• Team PROTECT is led by Stefan Pfister, M.D., Hopp Children's Cancer Center Heidelberg, Germany.
    • Team KOODAC is led by Martin Eilers, Ph.D., University of Wurzburg, Germany, and Yael Mosse, M.D., Children's Hospital of Philadelphia.
  • T-cell receptors: T cells are central players in the immune response, and the development of immunotherapies is transforming the treatment landscape for some cancers. Yet, their effects are not universal across cancer types and patients. Understanding how T-cell receptors recognize antigens is critical if the full potential of antigen-specific immunotherapy is to be realized. Team MATCHMAKERS aims to predict what T cells recognize in a patient's tumor. Insights gained could have implications beyond cancer—for example, in infectious disease, autoimmunity, and allergy. The team is led by Michael Birnbaum, Ph.D., Massachusetts Institute of Technology, Cambridge.

Learn more about this round of Cancer Grand Challenges, the challenge-setting process, and currently funded teams at the Cancer Grand Challenges program website.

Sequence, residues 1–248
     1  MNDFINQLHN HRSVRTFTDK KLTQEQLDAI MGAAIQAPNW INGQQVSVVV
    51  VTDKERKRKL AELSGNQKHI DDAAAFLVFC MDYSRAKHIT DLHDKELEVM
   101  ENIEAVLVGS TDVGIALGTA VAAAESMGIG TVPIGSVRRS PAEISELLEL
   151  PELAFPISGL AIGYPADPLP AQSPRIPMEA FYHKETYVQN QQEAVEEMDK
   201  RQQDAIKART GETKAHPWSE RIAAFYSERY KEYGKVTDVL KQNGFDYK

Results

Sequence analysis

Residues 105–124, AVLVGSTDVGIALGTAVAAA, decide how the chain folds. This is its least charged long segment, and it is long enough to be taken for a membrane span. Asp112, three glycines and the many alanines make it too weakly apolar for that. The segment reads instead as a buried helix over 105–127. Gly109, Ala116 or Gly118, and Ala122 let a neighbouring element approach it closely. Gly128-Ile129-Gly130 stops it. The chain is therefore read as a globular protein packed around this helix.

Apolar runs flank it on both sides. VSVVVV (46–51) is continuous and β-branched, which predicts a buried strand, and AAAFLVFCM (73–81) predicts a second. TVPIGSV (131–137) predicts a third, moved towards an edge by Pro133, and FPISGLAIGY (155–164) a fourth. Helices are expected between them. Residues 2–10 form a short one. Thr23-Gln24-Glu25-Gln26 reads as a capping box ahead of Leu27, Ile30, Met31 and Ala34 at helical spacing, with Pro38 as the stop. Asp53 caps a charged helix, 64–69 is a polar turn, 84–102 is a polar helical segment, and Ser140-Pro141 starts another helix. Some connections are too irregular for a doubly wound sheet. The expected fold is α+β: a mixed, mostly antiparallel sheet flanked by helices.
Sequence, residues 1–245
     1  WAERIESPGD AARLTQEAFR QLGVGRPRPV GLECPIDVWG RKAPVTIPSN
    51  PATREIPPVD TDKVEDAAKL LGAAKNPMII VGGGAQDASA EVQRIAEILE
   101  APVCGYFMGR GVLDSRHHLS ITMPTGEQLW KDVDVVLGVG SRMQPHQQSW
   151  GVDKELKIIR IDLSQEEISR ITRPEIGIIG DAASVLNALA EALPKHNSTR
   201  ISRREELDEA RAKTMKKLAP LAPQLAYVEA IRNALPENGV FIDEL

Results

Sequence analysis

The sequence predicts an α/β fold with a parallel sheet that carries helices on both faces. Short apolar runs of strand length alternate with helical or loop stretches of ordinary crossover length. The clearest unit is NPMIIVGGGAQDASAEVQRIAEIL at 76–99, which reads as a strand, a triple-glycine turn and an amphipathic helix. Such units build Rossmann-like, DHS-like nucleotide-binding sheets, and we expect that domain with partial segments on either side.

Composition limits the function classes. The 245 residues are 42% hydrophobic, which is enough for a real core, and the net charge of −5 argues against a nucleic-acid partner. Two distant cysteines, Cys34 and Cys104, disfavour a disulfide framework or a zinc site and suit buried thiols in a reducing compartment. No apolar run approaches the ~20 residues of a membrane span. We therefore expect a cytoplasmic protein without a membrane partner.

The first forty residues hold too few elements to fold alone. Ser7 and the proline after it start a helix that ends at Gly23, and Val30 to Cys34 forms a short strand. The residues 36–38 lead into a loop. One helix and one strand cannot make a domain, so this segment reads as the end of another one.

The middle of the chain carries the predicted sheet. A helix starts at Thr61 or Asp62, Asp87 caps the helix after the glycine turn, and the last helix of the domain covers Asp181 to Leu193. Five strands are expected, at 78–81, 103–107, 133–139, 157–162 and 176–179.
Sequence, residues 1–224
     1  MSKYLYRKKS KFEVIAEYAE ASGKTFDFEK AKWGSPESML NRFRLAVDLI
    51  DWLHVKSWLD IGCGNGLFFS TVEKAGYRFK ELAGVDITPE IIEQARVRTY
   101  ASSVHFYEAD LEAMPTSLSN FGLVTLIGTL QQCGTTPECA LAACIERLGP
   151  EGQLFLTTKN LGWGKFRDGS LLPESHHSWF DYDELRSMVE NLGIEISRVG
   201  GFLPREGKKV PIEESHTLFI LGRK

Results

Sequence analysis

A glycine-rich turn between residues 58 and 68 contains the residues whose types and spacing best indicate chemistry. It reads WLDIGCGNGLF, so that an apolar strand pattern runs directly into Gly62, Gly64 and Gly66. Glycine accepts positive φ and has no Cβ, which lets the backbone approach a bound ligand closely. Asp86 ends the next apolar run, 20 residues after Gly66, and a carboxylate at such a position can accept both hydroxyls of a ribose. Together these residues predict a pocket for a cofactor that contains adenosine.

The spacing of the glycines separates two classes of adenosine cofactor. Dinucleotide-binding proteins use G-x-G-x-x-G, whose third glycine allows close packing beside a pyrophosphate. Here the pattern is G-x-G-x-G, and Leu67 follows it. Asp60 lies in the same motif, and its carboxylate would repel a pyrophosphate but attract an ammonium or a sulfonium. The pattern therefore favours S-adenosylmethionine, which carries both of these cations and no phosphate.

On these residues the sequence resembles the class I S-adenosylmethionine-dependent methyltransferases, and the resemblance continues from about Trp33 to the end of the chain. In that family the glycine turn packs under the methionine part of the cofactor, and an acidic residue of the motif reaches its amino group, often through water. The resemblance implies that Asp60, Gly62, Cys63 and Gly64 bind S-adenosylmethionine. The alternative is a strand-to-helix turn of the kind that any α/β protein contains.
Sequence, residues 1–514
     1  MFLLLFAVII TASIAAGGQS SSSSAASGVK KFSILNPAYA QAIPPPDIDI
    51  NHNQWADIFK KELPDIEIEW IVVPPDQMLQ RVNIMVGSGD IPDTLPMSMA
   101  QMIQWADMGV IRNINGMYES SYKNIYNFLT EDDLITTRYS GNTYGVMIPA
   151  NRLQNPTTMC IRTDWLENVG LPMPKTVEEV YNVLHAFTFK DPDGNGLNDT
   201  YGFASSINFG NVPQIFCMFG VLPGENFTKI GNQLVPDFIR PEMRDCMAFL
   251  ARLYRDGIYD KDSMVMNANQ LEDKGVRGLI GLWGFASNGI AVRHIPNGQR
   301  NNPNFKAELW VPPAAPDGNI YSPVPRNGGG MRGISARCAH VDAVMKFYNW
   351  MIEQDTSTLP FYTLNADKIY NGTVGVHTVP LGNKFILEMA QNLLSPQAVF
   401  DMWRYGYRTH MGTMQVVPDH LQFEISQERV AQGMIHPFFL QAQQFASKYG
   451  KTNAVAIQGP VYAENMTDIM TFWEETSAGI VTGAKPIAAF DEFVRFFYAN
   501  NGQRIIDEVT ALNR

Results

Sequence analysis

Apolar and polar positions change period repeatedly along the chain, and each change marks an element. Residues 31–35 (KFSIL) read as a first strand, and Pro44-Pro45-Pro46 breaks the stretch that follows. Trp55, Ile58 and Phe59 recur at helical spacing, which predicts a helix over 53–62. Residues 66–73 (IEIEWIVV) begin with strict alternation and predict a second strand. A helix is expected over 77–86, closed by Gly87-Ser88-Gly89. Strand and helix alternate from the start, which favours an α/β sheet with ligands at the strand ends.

2021 Cancer Grand Challenges

NCI and Cancer Research UK received expressions of interest (EOI) submissions from 169 diverse teams, spanning more than 60 countries, applying for the nine open challenges. The scientific committee narrowed the innovative ideas to a shortlist of 11 teams, and these teams received seed funding to develop their ideas into full proposals.

From the shortlisted teams, four teams are each receiving approximately $25 million over five years to carry out their Cancer Grand Challenge topic. 

The 2021 winning teams and challenges are: